Using drugs at work a valid reason for dismissal

Ordinarily the unlawful use of prohibited drugs in the workplace will be regarded as a valid reason for dismissal, as this passage from a recent unfair dismissal case makes clear.

“(a) Valid Reason

[60] The termination of Mr Harris’ employment was related to his conduct, not his capacity. The reason must be “sound, defensible or well founded”, rather than “capricious, fanciful, spiteful or prejudiced” 1. The onus is on the Respondent to establish that the alleged conduct occurred.

[61] I have found on balance that Mr Harris offered a number of persons, including two employees of the Respondent marijuana on 8 August at a private function at the Respondent’s premises, and that he also admitted to Ms Condor that he went to his car “all the time” to smoke marijuana. I have also found Mr Harris admitted to Mr Linskey using marijuana including at work to manage his stress and anxiety at their meeting on 26 August.

[62] From Mr Linskey’s evidence it is apparent that the reason relied upon by the employer was that Mr Harris was using illegal drugs during work hours and on company premises, and this was based on Mr Harris’ admission to Mr Linskey. Given I have accepted that Mr Harris made this admission in the meeting on 26 August I am also satisfied the allegation has been made out. The question becomes, is this a valid reason for dismissal?

[63] The Respondent sought to rely on clause 20(h) of Mr Harris’ contract of employment which provides as follows:

“20 Termination of Employment

20.1 The Employer may terminate your employment without lieu of notice for any of the following reasons, if you:

…………..

“(h) abuse alcohol or drugs whilst on the Employer’s premises, or just prior to commencing work on the premises, which adversely affects your ability to carry out your duties…”

[64] The language in clause 20.1(h) on its face is intended to be read such that it would be a breach of clause 20.1(h) were Mr Harris to abuse alcohol or drugs, and for that abuse to adversely affect his ability to carry out his duties as an apprentice golf professional. The Respondent did not lead any evidence to establish that Mr Harris’ ability to carry out his duties was adversely affected by his admission that he used marijuana. On that basis I cannot be satisfied that the Respondent is entitled to rely on clause 20.1(h).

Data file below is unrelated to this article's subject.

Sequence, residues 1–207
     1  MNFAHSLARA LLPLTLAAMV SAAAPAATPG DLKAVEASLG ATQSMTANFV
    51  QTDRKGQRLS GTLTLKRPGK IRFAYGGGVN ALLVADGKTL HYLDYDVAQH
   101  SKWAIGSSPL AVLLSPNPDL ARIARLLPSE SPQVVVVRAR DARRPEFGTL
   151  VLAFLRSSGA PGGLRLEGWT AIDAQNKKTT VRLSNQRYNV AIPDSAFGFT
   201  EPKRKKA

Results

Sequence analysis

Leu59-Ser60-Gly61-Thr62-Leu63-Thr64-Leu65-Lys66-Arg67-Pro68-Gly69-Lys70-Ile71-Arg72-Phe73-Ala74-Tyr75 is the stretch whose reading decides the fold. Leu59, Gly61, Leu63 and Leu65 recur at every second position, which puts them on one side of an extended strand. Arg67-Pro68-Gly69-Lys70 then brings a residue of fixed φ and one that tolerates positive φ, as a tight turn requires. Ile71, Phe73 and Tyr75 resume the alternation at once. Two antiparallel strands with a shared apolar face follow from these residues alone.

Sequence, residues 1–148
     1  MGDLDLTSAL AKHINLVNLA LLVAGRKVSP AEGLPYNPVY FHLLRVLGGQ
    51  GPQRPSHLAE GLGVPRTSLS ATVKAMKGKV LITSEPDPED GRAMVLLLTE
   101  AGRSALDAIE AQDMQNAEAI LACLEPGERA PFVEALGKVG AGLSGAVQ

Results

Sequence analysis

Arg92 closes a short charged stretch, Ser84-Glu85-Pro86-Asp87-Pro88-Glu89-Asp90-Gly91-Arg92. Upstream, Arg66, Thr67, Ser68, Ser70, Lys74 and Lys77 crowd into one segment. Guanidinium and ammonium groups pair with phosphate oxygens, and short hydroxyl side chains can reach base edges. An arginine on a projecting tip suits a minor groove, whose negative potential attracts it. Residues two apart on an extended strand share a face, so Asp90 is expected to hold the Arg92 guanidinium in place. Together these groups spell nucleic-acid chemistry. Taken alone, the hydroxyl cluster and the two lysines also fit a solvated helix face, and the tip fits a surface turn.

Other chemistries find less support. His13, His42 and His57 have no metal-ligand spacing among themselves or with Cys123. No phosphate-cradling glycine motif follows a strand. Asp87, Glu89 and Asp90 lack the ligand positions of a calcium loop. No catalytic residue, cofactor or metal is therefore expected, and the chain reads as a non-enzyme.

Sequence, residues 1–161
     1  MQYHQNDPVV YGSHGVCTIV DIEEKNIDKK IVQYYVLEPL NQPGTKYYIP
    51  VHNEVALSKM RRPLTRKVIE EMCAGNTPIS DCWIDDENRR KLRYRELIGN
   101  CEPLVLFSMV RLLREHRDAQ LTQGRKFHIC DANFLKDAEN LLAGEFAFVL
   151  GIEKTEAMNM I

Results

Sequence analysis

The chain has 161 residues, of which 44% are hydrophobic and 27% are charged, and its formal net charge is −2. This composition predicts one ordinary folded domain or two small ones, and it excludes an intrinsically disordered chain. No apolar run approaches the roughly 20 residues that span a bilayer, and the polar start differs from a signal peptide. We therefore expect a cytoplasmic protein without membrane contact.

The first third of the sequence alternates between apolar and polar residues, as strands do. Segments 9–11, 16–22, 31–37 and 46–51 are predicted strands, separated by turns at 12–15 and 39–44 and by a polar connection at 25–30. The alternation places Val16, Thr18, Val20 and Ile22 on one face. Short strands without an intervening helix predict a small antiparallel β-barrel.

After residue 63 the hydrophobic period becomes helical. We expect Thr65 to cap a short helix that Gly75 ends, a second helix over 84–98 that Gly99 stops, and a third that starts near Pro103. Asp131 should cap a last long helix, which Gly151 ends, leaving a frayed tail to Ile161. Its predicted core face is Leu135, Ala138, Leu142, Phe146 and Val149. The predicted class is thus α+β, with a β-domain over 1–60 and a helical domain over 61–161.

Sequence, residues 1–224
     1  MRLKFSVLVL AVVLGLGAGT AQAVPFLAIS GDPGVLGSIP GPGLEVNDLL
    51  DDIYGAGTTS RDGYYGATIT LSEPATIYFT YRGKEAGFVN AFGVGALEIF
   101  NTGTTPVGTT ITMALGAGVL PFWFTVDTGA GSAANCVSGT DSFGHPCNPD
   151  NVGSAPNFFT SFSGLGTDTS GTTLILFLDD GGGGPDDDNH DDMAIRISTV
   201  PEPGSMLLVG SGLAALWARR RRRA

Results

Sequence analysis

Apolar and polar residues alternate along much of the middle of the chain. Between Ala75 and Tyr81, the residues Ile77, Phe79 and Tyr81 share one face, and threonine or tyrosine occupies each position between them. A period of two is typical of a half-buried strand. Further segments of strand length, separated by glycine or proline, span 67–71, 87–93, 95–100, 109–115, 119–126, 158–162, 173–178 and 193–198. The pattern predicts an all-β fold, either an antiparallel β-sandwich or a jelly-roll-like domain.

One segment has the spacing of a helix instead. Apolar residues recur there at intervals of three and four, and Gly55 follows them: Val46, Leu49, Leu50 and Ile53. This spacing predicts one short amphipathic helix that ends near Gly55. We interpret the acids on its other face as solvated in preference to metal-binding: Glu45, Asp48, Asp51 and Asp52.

[65] The question then turns to whether the use of marijuana of itself while on an employer’s premises and at work is a valid reason for dismissal. In Queensland, cannabis is an illegal drug in accordance with Schedule 2 of the Drugs Misuse Regulation 1987.

[66] It is an offence to possess illegal cannabis and to possess items used for taking drugs such as a bong. It is also an offence to supply illegal drugs, including giving them to someone else. Unlawful conduct undertaken on the employer’s time, and on the employer’s premises could provide a valid reason for termination. Mr Harris’ contract of employment included the following at clause 5:

“5.2 You also have general duties to:

………………..

(b) at all times act faithfully, honestly and diligently

(c) ensure you are performing solely work-related activities in work time

(d) ……………..

(e) act in the Employer’s best interests at all times.”

[67] Given Mr Harris’ admission to Mr Linskey that he engaged in unlawful conduct at work and on the employer’s premises I am satisfied Mr Linskey was in breach of his duties as an employee including the general duties under his contract of employment as set out above. On that basis I am satisfied that the Respondent had a valid reason for termination.”

Harris v Meadowbrook Golf Club – [2021] FWC 145 – 14 January 2021 – Simpson C